Monitoring is something Tim identified that most growers could do better, noting the frequency of in-crop monitoring and the lack of in-storage monitoring. The availability of technology suitable to Australian storage and fumigation practices is limited when compared to the technology available for in-crop monitoring and management.

Tim is enthusiastic about developments in the area of traceability. The Rethuses go to what they say is a lot of effort with their farming system to grow the best grain in a way that is good for the environment, so it makes sense to provide that information to buyers so grain can be marketed as a specific quality. “Traceability incentivises us to do more good things for our farm and our soil,” he says.

rethus grain storageKeeping grain away from the paddock has led the Rethus family to invest in more on-farm grain storage. Photo: Chris Warrick

In Tim’s view, grain classification is largely based on protein and screenings. Buyers are asking for more quality parameters such as nutrient density, which is not currently segregated for.

“If buyers are willing to pay for grain of a specific quality or grown in a particular way, that’s difficult to achieve through a bulk handler,” he says. The Rethuses have started supplying grain to customers wanting a specific quality, but Tim says the two challenges are growing it to that quality and testing the quality characteristics.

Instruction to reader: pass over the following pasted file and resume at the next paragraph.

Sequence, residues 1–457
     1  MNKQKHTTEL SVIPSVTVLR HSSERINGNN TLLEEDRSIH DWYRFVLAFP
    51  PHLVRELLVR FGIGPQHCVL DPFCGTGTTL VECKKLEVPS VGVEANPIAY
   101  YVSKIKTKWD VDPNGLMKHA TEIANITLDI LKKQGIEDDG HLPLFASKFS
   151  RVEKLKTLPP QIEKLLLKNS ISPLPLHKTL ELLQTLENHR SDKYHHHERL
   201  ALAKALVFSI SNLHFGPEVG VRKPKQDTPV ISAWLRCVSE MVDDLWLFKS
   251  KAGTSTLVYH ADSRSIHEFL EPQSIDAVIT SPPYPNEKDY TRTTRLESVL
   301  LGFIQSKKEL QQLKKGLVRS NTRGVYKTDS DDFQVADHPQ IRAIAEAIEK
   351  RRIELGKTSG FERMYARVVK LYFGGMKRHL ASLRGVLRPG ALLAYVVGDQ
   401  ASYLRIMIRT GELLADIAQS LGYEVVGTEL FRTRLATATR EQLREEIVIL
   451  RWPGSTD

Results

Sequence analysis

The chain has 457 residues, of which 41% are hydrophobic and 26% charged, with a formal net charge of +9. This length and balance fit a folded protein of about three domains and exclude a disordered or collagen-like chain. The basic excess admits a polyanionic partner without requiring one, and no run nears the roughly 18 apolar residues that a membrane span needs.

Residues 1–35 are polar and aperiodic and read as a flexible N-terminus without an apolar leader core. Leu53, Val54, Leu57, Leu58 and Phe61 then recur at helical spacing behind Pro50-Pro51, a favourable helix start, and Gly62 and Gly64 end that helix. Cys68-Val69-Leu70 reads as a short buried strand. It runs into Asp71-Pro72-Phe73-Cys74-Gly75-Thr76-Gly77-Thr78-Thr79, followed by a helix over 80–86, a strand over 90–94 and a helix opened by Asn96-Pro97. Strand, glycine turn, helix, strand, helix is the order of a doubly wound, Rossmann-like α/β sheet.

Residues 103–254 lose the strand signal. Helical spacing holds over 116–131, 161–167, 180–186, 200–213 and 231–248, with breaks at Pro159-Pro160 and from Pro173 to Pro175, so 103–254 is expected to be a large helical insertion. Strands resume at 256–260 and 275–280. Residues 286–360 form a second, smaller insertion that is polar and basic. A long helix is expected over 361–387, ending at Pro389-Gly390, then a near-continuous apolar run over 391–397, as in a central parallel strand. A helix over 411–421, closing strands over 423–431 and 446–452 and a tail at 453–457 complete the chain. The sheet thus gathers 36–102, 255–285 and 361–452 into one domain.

When asked about the role of bulk handlers in the future, Tim thinks they will always have a place. “Segregation and traceability are a real advantage of on-farm storage, but there’s no reason the bulk handlers couldn’t be a part of that.”

He describes a system where growers store grain on-farm on behalf of the bulk handler, who could then call on a network of segregated grain across numerous farm sites to meet market requirements.

A notable challenge would be ensuring growers test and classify grain accurately, so each site is consistent, and that quality is managed during storage. He acknowledges that bulk handlers have a lot more to lose reputation-wise than individual growers if grain quality or storage management are not as buyers expect.

Consistency of grain testing among bulk handler sites with trained operators varies, to the point where Tim says the same truckload of grain can achieve different grades at different sites. “The more that testing can be automated, the more opportunities for consistency when delivering to bulk handlers or storing on farm.”

Logistics issue

Tim suggests port logistics are a critical problem that is costing Australian growers a lot of money. “Typically, getting grain from the paddock to on-farm storage is not a problem – from farm to bulk handlers is slow but OK, but there seems to be a bottleneck getting grain from bulk handlers to ports.”

In recent years, significant margins have been left uncaptured when Australian grain has been underpriced by $100/t because it could not physically be exported.

More information: Chris Warrick, Call 1800 WEEVIL,